The eunotus-complex, like the regani-complex, appears to have originated from species living along the northwestern flanks of the Brazilian Highlands, where eunotus-like species still exist. It also followed the same arcuate course of the Sub-Andean River system westward and then north into western South America, at least as far as the Vaupés Arch (Fig. 21). This migration probably occurred during the middle Miocene, prior to when the Pastaza Megafan started to form.
      Although species of the eunotus-complex cannot be subdivided genetically, it can be subdivided by physical features and distribution patterns. Species of the cruzi-subcomplex occur in areas between the northern edge of the Pastaza Megafan and southern flank of the Guayabaro/Caquetá Megafan at elevations above 500m (1600 ft.). This would indicate that these typically lowland species inhabited the area prior to the continued uplift of the Andes and development of the megafans. It appears that the ortegai-subcomplex is a relatively recent offshoot of the cruzi-subcomplex that is derived from an ancestor that lived in the lower Río Napo. The eunotus-subcomplex appears to have originated along the southern and eastern edges of the Pastaza Megafan.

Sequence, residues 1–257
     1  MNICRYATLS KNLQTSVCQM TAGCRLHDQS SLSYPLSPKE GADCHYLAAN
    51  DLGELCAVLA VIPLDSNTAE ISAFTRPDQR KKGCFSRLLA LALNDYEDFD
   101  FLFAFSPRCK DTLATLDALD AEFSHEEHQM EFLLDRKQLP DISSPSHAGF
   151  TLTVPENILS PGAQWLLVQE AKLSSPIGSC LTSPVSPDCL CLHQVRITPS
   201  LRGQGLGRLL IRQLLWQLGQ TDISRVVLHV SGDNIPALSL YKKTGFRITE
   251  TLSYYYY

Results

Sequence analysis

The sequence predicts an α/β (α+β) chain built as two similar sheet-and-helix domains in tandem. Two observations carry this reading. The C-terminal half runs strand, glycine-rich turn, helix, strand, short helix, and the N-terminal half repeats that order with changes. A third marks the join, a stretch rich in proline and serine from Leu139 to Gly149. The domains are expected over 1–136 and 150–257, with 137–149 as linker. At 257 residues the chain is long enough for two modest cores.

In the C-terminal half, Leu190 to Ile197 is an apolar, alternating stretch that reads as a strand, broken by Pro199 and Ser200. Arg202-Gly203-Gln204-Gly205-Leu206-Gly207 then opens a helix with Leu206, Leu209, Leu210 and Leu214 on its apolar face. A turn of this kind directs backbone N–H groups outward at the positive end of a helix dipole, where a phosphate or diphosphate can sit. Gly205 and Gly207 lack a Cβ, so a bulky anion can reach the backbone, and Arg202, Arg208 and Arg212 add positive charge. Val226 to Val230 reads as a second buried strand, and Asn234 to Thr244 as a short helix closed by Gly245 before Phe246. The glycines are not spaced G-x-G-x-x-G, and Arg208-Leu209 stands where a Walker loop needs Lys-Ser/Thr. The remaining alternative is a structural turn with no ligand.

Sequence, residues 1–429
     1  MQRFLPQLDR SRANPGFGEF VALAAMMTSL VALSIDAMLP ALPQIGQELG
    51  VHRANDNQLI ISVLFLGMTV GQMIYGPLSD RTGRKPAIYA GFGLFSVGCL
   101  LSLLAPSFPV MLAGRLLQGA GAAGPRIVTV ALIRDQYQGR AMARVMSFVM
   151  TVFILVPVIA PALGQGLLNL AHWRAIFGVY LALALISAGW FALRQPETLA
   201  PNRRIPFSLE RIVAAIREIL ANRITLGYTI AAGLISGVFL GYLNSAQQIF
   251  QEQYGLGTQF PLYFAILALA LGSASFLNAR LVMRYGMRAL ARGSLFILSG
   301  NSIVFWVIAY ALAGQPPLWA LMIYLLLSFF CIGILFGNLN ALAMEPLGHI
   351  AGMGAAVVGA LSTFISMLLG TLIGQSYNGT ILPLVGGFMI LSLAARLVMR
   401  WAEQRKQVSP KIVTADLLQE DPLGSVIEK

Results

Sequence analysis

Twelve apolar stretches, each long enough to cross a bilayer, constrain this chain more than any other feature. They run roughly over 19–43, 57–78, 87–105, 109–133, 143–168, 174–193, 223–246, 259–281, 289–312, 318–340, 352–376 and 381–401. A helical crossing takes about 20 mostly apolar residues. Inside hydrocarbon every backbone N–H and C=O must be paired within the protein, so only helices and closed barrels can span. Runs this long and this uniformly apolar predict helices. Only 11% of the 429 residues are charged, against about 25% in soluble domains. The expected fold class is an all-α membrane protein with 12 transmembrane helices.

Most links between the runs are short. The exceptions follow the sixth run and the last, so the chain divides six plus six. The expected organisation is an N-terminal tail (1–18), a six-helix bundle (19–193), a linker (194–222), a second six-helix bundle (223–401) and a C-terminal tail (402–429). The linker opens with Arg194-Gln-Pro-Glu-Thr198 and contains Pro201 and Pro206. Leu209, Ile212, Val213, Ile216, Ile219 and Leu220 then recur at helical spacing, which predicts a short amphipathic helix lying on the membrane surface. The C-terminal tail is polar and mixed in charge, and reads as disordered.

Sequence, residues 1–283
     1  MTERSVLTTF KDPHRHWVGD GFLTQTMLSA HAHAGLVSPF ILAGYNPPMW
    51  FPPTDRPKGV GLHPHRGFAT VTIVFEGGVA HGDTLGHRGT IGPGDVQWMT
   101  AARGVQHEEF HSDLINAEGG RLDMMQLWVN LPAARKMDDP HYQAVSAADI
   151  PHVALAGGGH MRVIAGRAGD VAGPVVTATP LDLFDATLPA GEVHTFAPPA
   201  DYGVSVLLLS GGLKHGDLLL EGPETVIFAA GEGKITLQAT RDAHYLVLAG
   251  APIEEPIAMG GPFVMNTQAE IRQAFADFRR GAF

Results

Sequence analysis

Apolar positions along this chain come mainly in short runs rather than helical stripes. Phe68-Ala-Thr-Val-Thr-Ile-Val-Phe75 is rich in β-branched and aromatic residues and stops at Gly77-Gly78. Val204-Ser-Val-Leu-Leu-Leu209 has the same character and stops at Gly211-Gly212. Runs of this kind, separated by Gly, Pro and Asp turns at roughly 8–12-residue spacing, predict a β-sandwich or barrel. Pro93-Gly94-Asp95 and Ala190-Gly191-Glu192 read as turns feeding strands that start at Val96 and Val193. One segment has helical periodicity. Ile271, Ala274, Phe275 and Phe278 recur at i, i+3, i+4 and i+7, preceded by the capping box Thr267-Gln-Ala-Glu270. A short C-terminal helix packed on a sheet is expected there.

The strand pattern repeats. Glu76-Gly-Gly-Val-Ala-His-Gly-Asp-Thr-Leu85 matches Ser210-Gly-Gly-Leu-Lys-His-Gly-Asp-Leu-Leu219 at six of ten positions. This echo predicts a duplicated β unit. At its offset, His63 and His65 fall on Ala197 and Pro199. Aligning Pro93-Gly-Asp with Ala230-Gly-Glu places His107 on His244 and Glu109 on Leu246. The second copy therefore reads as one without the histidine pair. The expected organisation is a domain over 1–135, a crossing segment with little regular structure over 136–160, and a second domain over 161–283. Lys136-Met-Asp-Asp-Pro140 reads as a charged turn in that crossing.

Fig. 21. Distribution of the eunotus-complex